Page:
Posted: Monday, October 16, 2023. 7:43 am CST.
By Horace Palacio: Belize, once heavily impacted by the COVID-19 pandemic’s effects on its economy, has found a ray of hope through a unique financial agreement. Drawing from a report by Barron’s, when the pandemic swept through, Belize’s economy was severely strained, particularly affecting its fisheries, farmers, and tourism sectors.
“We lost approximately 14 percent of GDP,” remarked Prime Minister John Briceno in a conversation with AFP. With nearly a third of the nation’s workforce unemployed, the country was struggling, not only to sustain its day-to-day operations but also to manage its overwhelming debt.
However, hope emerged when The Nature Conservancy (TNC) proposed a groundbreaking arrangement. They offered to lend Belize the funds required to settle its creditors on the condition that a portion of the savings was funneled into marine conservation. These “debt-for-nature-swaps” are gaining traction as an inventive financial instrument for environmental preservation. Yet, some skeptics argue that their effectiveness may be exaggerated.
This arrangement, finalized in November 2021, witnessed TNC repurchasing a $553 million “superbond” that represented Belize’s entire commercial debt, securing a discount of 45%. This debt was transformed into a $364 million “blue bond”, organized by Credit Suisse, earmarking $180 million for marine conservation across two decades.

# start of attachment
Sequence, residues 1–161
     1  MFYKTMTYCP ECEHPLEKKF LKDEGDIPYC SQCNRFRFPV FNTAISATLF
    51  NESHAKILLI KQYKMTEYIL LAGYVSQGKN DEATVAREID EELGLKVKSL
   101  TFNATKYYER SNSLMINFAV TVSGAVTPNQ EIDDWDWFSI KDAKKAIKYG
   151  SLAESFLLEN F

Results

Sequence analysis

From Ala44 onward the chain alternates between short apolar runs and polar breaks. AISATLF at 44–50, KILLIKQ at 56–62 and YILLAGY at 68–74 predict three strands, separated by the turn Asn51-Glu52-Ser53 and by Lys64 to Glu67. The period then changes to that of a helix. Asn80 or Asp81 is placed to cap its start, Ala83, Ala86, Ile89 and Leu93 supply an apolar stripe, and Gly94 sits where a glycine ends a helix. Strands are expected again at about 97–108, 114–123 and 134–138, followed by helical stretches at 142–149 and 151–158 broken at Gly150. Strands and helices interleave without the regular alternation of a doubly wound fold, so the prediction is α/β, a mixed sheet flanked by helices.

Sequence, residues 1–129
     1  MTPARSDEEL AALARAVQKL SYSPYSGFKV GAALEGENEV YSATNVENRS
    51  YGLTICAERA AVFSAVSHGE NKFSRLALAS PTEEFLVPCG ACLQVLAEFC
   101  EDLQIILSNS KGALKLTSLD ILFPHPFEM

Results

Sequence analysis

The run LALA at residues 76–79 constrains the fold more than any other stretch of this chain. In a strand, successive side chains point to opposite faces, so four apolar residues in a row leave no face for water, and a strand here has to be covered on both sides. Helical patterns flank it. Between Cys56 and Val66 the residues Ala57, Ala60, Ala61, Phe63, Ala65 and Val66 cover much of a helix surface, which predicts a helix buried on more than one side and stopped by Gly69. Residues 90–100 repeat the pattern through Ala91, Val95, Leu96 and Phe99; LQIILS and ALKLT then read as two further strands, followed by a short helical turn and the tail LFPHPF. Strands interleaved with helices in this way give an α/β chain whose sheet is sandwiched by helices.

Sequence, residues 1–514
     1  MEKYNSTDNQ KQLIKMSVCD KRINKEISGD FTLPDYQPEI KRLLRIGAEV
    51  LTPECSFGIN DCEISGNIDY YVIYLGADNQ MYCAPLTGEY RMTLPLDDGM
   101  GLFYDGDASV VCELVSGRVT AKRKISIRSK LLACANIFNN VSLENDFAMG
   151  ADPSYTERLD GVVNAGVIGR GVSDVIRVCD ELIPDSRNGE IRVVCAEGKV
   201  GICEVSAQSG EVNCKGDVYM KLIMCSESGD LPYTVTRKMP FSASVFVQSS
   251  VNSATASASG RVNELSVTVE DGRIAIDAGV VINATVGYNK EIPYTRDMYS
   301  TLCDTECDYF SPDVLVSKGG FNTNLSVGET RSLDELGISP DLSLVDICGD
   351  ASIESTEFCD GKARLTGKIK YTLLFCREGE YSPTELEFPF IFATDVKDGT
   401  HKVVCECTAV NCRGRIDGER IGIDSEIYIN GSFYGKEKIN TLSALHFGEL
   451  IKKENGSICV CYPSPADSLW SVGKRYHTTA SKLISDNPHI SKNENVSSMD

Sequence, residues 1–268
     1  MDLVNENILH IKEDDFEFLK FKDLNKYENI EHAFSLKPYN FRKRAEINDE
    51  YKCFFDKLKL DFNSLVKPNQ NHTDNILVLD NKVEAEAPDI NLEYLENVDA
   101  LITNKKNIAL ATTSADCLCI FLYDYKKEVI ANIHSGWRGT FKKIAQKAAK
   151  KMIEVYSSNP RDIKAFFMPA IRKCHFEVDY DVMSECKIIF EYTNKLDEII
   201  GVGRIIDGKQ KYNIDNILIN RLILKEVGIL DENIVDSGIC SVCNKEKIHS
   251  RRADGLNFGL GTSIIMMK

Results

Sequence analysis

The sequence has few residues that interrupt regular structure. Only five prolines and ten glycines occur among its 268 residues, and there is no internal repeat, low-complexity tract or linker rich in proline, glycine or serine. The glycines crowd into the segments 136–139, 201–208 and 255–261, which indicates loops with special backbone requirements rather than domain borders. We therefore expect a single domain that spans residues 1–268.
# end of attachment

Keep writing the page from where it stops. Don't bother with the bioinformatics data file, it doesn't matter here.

Briceno acknowledged this arrangement’s benefits, emphasizing how it notably trimmed Belize’s debt-to-GDP ratio by over 10%. Belize, home to the northern hemisphere’s largest barrier reef, plays a pivotal role in preserving biodiversity, but threats from climate change, overfishing, and urbanization loom large.
As per this deal, Belize consented to enlarge protection to 30% of its territorial waters, allocating $4.2 million each year for marine conservation.
The success of this initiative prompted TNC to forge similar agreements with countries like Barbados and Gabon. In May, Ecuador clinched the largest swap, reducing its debt by about $1.1 billion, benefitting the Galapagos Islands, facilitated by the Pew Bertarelli Ocean Legacy Project.
Although the concept of debt-for-nature swaps isn’t novel, they have evolved in scale, highlighted Slav Gatchev of TNC. He emphasized the distress of outstanding commercial debt in lower and middle-income nations, restricting governments from nature investments.
However, Andre Standing, a researcher, questioned the genuine altruism behind these deals, suggesting that such initiatives might only provide a superficial remedy to a deeper debt crisis. Esteban Brenes of the WWF echoed these sentiments, explaining that these swaps are not the ultimate solution but a step in a positive direction.
Concerns about countries not fulfilling their environmental commitments also arise. Yet, Gatchev reassures that these obligations are legally enforceable, with potential penalties for non-compliance.
Briceno remains optimistic, stating that the agreement has boosted environmental awareness among Belizeans. However, he believes that more support from developed nations is necessary for a sustainable future.
“Developed countries destroyed their environment for development… Now we want the same, and you’re telling us ‘we can’t afford you to destroy what we have destroyed’ — then pay us,” Briceno firmly concluded.
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